England's Tree of the Year

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These ten trees are the finalists in England's Tree of the Year, an annual search for the nation's best loved tree. The winner will compete against trees from all over the Continent for the title of European Tree of the Year, organised by the Environmental Partnership Association.

Read more about our shortlisted trees below.

Winner - Cubbington Pear Tree. Warwickshire


Believed to be over 250 years old, this beautiful tree is a local icon which has stood for generations at the top of a hill near South Cubbington Wood and is much admired by all who pass by. It is thought to be the largest wild pear tree in Warwickshire and the second largest in the United Kingdom. The tree sits on the proposed phase 1 route of the HS2 line from London to Birmingham and could be lost if or when construction gets underway.

Vote for the Cubbington Pear Tree in the European Tree of the Year

Vote for the Cubbington Pear

Old Man of Calke. Calke Park, Derbyshire


Calke’s oldest tree is called The Old Man of Calke and is thought to be between 1000 and 1200 years old (200 is about the age of the average large oak seen in Britain today). Put into context this means this tree could have been 200 years old when William the Conqueror arrived in Britain.

Ankerwycke Yew. Runnymede, Berkshire


Two thousand years ago, the ancient yew at Ankerwycke could have been used in ritual worship by the Druids, who are thought to have revered yews as sacred trees.

But its crowning glory and place in history came on 15 June 1215, when King John famously sealed Magna Carta – the closest these islands have ever come to a constitutional bill of rights – within earshot of this very spot, 800 years ago. The yew sits on Ankerwycke Island at Runnymede, a National Trust site, bounded by the Thames.

Martindale Yew. St Martin's Church, Cumbria


A churchyard yew reputed to be at least 800 years old. The church nearby has a bell with an as yet untranslated Nordic rune phrase cast into it. The altar is allegedly made of a meteorite and the locals used to sharpen their scythes and swords on the stone which still bears the marks.

Glastonbury Holy Thorn. Glastonbury Abbey, Somerset


Legend has Joseph of Arimathea, Jesus's uncle, sailing to Avalon who upon landing, thrust his staff into the ground at Wearyall Hill where it immediately took root as a Hawthorn tree. Chopped down by a Puritan soldier during the Civil War, a cutting was secretly re-planted, descendants of which survived until 2010 when the head of the tree was lopped off in the dead of night. Other descendants survive at Glastonbury Abbey, and notably St John's Church, from where a flowering spray has been sent to the English Monarch each Christmas since the seventeenth century.

Lime tree. Linford Manor Park, Buckinghamshire


The Linford Manor Lime Tree is located at Linford Manor Park in Milton Keynes. Treework Environmental Practice undertook a tree survey of the grounds to understand the age, range and condition of the trees, which revealed some trees are more than 300 years old. The age and possible relationship of certain trees to the designed 18th Century Grounds makes them of local significance.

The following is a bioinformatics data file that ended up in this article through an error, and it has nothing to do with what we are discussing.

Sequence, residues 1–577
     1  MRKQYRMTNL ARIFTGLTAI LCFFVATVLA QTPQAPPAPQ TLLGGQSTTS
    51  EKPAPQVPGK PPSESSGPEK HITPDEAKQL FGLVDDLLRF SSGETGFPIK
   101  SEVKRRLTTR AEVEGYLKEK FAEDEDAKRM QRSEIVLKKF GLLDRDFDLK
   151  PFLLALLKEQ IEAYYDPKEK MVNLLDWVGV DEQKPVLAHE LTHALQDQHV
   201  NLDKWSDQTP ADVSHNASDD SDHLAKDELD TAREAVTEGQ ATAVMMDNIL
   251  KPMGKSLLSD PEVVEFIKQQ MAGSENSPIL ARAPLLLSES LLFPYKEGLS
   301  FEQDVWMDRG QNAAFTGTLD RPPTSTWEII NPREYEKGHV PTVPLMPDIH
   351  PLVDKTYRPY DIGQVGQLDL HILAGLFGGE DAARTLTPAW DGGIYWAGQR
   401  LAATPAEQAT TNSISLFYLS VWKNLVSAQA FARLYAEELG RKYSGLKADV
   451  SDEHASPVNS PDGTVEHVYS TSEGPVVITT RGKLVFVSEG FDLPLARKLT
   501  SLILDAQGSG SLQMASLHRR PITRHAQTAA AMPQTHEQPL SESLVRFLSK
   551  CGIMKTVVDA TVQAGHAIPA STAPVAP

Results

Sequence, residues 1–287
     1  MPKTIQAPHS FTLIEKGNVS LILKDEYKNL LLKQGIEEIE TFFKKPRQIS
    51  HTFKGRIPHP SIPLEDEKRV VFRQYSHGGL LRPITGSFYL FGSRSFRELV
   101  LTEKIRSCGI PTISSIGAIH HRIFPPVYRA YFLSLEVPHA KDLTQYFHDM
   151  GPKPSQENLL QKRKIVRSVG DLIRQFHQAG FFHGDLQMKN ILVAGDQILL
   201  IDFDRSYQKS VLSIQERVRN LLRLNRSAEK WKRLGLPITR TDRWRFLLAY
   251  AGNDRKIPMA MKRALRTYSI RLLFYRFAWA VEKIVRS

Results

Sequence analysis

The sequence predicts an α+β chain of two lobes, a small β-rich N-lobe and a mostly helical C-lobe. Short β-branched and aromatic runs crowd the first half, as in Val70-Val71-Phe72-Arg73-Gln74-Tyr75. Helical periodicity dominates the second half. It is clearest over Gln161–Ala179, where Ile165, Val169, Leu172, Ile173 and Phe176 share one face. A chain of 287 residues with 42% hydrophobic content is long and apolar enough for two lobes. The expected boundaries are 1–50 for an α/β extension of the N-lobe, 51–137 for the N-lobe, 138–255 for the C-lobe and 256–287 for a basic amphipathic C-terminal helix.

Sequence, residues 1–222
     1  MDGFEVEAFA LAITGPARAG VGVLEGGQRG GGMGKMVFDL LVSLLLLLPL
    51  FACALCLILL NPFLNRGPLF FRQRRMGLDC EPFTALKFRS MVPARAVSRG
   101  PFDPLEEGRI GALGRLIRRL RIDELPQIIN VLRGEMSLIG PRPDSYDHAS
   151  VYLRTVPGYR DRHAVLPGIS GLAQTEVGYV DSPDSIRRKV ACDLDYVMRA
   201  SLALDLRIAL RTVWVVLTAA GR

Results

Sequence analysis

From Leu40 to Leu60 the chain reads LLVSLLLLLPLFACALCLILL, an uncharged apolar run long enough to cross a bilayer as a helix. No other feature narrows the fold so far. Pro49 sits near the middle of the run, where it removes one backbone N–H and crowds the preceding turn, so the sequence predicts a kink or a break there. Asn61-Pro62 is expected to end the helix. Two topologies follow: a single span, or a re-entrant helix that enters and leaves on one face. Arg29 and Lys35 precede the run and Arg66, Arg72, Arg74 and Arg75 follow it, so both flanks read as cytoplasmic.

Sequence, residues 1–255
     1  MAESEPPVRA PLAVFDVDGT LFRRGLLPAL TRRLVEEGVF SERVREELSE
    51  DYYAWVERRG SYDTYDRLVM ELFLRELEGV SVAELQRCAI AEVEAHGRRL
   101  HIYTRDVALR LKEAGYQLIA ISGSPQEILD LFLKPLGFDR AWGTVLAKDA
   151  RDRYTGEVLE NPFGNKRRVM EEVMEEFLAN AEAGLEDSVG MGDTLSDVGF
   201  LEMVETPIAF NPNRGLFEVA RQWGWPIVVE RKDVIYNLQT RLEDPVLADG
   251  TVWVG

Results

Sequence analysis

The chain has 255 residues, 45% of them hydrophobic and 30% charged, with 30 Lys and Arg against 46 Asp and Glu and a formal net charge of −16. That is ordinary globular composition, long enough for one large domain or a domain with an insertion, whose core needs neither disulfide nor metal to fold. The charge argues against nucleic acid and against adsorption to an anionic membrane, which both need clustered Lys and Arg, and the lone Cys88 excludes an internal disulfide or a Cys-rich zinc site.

Boscobel Oak. Boscobel House, Shropshire


Following the execution of King Charles I in 1649, his eldest son attempted to regain the throne. In 1651 his hopes were crushed at Worcester in the final conflict of the Civil War. Young Charles was forced to flee for his life. Initially the future King Charles II set out to cross the River Severn into Wales, but found his way blocked by Cromwell's patrols. He sought refuge instead at Boscobel, hiding first in a tree, which is now known as The Royal Oak, and then spending the night in a priest-hole in the house's attic. Today’s tree is a descendant of the original.

Tolpuddle Martyrs Tree. Tolpuddle, Dorset


In 1834, six agricultural labourers from Tolpuddle in Dorset were sentenced to serve seven years transportation – hard labour in Australia from which few ever returned. The men met beneath a large Sycamore tree on the village green and formed a trade union – which worried the local squire James Frampton enough to have them charged with taking an illegal secret oath. However, there was a huge public outcry at the unjust treatment of the Tolpuddle Martyrs, and the six men were eventually granted full pardons in 1836.

To commemorate the centenary of the Martyrs in 1934, Sir Ernest Debenham gave the village green to the National Trust, in whose care it remains. The Sycamore still stands strong, its hollow trunk 5.9m (19.35ft) in girth, and estimated to be around 330 years old. It has become a place of pilgrimage for trade unionists.

Acklington Black Poplar. Acklington, Northumberland


The black poplar is one of the rarest native trees in the UK, with only 2,500 thought to be left. This tree is located in the grounds of Acklington C of E First School and is estimated to be between 250 and 300 years old. Earmarked for felling in 2010 the decision was reversed, much to the relief of locals.

Lime Tree. Litherland, Merseyside


The tree has sat outside the house of Judith Clark in Litherland on Merseyside for 27 years. Judith is housebound and the tree has enriched her life greatly. “I love to watch the birds living there, and I especially love to watch the tree changing with the seasons; the buds in spring, vibrant green leaves in summer, gold and russet in autumn which makes a lovely carpet and the stark beauty of the silhouette in winter.”